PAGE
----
Manjit Bawa was born in Dhuri in Punjab in 1941 and studied at the College of Art Delhi after which he did his diploma in silk-screen printing from the London School of Printing, Essex. From 1967 to 1971 he worked in London as a silk-screen printer.
Bawa’s works reflect the influence of Pahari miniature paintings and Kalighat pats combined with his rigorous training in serigraphy. He was also inpired by Indian mythological stories like the Mahabharata and Ramayana as well as Sufi Poetry. His style is figurative incorporating modern remoulding of form of demigods, acrobats, animals against a flat incandescent monochrome colour background. Bawa brings out the essence of the icon for example Krishna is simplified by the flute and the colour of his body as the artist says, “to create a sense of pure aesthetics, so simple that even a child can respond to the image.”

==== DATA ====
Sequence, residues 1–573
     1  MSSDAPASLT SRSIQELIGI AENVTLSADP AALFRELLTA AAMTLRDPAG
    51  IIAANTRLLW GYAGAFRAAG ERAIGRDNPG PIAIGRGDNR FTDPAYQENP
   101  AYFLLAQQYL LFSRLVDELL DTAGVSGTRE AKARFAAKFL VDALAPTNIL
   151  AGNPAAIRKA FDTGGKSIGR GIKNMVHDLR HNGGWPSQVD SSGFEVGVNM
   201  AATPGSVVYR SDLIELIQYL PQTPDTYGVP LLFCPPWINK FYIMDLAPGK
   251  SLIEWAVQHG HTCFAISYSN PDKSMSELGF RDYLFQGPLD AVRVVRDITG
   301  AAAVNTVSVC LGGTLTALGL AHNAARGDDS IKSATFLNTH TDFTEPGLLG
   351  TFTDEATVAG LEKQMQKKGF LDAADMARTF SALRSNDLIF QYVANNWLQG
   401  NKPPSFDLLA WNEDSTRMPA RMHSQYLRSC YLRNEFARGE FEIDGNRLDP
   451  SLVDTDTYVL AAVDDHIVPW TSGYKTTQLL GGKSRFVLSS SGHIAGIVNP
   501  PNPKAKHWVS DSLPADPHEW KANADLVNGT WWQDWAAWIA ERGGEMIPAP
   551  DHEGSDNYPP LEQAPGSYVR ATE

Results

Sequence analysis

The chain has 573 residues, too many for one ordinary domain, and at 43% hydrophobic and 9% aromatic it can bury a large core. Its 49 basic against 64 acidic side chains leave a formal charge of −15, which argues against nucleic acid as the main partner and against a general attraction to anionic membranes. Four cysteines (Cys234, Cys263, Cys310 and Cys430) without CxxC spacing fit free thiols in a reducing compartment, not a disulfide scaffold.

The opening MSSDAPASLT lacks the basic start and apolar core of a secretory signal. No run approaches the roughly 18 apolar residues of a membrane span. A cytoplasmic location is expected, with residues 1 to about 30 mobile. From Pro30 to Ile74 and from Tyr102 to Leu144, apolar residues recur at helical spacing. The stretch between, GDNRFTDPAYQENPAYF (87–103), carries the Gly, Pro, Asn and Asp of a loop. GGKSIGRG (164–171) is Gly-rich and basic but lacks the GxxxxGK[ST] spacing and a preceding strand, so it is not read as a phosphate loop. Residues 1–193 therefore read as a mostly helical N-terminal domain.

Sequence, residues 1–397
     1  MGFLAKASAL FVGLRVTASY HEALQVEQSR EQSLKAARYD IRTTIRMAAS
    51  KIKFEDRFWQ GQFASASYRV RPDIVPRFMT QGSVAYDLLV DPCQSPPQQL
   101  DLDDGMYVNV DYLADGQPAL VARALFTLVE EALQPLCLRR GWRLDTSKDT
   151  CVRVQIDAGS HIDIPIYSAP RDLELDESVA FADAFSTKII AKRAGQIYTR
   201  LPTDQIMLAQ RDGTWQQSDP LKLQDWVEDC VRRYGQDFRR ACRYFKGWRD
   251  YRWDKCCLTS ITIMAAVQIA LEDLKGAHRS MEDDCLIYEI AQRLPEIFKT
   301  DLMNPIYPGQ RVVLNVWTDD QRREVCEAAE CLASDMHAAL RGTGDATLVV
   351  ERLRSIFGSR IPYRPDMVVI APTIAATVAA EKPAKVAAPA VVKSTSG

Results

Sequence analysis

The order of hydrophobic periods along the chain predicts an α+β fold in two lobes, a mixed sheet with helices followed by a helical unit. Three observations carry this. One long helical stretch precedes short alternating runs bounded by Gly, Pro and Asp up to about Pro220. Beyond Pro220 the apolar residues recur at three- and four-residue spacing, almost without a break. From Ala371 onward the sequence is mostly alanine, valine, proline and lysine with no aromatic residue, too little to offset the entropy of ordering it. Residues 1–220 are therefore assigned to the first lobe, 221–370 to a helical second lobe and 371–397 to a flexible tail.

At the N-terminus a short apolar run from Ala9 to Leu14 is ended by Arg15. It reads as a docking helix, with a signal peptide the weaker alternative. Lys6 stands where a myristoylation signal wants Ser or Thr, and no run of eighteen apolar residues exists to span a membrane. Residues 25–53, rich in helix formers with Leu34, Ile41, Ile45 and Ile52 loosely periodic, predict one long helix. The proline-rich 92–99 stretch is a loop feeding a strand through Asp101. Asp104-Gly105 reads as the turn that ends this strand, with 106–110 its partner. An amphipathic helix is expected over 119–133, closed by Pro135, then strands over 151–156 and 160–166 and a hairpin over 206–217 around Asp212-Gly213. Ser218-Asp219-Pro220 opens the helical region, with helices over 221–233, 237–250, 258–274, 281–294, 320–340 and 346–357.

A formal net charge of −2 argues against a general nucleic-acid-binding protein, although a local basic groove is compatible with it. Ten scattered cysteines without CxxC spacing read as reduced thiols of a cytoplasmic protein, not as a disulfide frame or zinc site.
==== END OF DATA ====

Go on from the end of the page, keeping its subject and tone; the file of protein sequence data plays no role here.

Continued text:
His canvases are distinguishable by the bright colours he uses. He was one of the first painters to break out of the dominant grays and browns.
The interaction between man and animal is a recurring theme in Bawa’s works for example Durga and the lion. The artist underwent a series of inspirations in his artistic journey. He became interested in the theme of hunting in the 1970’s. Warriors and acrobats followed this to exciting compositions with gymnastic imagery. In the 1980’s, his compositions became more complex. His later works are a genuine bestiary combining creatures of contrary dispositions in the same frame for example the lion and the squirrel.
During 1967 to 1971 Bawa had solo shows in London and St. Sebastian, Spain. He returned to India in 1972 and taught as a visiting faculty at the College of Art, Delhi. In 1982 he participated in ‘Contemporary Indian Art’ at the Royal Academy of Arts, London and ‘Modem Indian Painting’ at Hirshhorn Museum, Washington DC. In 1986 he participated in ‘Contemporary Indian Art’ at the Grey Art Gallery, New York and in 1987 in the ‘Coup de Coeur’ in Geneva.
Manjit Bawa passed away in New Delhi in 2008.